The lab meets once a week for an hour and forty minutes. The demonstration of software usually lasts for the first fifteen minutes of class, and the rest of class students work on software related exercises. I spend the rest of class going around and answering questions, showing software shortcuts, etc.

For those that teach in a computer lab environment, do you have any tips? Or if you understand the teaching setup I'm facing, any tips on how better to demonstrate software?


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#10 long_time_lurker

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Posted 10 December 2011 - 02:59 PM

If you are such an adult who doesn't want to pay attention in class, go do something else. Nobody's forcing you to be here.


I missed it, but I vote this for Post of the Month!!
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#11 pondersaizi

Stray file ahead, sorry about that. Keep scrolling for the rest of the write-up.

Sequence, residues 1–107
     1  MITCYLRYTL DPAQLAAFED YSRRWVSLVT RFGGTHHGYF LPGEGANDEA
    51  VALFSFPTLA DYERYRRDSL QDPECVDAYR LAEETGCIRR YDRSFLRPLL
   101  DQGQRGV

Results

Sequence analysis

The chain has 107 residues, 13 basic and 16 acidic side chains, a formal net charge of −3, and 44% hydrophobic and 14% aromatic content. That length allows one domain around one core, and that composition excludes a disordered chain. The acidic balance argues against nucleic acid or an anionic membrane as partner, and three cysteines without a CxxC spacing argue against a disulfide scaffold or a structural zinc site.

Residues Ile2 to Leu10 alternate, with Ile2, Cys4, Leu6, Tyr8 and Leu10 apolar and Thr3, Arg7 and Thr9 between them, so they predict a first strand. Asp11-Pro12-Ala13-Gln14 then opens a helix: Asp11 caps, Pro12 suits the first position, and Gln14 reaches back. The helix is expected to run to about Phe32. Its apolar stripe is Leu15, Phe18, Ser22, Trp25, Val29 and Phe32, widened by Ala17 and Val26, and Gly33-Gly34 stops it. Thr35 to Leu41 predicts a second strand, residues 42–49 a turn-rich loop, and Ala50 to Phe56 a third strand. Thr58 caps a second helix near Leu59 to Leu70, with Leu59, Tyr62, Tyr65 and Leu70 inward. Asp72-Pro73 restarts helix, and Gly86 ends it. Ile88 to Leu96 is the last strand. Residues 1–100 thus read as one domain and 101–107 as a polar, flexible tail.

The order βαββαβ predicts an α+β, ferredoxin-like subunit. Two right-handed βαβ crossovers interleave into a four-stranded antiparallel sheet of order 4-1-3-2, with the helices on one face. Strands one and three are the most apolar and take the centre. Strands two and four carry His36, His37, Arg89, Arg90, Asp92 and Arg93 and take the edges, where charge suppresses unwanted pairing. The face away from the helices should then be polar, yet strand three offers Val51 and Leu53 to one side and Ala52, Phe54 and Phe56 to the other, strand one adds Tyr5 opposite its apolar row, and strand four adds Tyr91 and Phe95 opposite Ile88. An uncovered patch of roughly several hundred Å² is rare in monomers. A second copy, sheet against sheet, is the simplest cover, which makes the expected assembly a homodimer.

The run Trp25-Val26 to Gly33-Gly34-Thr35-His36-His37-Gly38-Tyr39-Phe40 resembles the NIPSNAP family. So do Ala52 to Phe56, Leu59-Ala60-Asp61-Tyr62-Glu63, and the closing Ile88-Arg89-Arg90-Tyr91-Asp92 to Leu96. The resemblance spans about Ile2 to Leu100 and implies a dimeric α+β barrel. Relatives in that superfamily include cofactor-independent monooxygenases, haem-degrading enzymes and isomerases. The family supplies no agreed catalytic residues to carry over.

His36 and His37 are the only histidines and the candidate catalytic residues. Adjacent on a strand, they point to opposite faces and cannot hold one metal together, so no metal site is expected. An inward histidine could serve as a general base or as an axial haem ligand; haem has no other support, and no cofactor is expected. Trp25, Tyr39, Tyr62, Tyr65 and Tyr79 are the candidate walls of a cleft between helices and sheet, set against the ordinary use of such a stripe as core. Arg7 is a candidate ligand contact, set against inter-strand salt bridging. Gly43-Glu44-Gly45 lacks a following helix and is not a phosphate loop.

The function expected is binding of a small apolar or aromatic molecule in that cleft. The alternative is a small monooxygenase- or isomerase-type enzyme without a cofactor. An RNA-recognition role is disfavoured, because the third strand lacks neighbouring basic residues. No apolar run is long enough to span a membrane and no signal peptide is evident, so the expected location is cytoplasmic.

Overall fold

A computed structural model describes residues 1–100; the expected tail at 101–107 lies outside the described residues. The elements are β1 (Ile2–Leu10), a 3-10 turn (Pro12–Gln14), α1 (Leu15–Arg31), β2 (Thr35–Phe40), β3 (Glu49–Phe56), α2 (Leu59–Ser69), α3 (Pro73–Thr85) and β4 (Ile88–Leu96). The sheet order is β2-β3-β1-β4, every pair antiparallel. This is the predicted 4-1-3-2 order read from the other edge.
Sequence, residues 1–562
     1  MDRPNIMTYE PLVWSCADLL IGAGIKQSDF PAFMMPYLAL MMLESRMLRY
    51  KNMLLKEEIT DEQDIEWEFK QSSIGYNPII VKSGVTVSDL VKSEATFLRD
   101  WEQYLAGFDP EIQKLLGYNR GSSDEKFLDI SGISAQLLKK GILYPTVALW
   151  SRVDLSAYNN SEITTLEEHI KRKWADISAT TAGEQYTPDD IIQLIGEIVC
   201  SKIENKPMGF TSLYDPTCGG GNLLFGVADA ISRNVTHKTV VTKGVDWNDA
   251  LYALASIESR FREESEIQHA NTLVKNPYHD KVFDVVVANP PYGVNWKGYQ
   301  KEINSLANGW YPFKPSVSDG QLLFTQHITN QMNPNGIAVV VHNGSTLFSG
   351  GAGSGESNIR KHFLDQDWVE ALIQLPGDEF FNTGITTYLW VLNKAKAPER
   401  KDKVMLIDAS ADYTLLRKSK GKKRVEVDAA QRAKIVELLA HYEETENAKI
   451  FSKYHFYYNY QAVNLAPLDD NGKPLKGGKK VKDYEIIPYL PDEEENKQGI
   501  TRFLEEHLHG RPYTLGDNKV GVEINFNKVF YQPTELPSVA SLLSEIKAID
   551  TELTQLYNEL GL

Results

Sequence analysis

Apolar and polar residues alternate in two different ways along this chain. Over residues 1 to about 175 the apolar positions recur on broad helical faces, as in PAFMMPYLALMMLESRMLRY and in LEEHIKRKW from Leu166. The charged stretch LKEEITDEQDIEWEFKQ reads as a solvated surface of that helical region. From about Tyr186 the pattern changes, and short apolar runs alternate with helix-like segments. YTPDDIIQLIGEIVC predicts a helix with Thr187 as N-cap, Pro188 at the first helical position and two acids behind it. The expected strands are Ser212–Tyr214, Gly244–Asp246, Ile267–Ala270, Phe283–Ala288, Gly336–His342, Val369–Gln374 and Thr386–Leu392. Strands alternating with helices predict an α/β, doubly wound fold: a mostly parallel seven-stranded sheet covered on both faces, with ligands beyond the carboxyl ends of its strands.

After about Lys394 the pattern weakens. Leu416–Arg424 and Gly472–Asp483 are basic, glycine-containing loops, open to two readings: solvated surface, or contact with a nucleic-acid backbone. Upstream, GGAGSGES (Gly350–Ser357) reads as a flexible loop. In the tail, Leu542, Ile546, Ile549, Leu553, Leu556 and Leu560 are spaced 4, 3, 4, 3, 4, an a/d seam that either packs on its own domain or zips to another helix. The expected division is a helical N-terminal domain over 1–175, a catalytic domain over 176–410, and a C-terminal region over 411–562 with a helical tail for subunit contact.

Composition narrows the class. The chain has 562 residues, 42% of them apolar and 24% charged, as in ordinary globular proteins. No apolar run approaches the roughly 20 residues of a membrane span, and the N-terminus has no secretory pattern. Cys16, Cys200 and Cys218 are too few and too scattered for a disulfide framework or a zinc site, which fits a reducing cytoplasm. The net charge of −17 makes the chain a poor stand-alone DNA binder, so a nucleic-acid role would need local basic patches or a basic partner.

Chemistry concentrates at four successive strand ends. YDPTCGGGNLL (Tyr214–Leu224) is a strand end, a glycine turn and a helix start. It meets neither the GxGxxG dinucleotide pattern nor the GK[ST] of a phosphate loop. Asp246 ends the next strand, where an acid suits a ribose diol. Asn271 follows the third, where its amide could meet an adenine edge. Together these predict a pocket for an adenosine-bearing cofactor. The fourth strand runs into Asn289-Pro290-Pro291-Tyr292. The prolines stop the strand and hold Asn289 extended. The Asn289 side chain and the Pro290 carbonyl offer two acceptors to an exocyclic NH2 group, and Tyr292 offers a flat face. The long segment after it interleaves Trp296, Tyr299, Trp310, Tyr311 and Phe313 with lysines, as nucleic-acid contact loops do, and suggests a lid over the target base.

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Posted 31 January 2012 - 12:45 AM

1st year undergrads can be so vicious. I think many of them feel that TA's are *just* students that stand in the way of their brilliance, and that the professor would never ever give them a bad grade because they would understand what a genius they are.
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#12 wheatGrass

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Posted 01 February 2012 - 12:17 AM

I'm going to put the issue of whether you should actively try to engage these students aside--you clearly want them to pay attention to what you're showing them on the projector and feel like it is worth some effort to encourage this.
Could you just ask them to turn off their monitors while you're speaking/demonstrating? It should be pretty easy for you to see who isn't complying, especially in a darkened room. I did this when I taught younger people in computer labs and it worked really well.
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#13 heyles

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Posted 12 March 2012 - 01:07 AM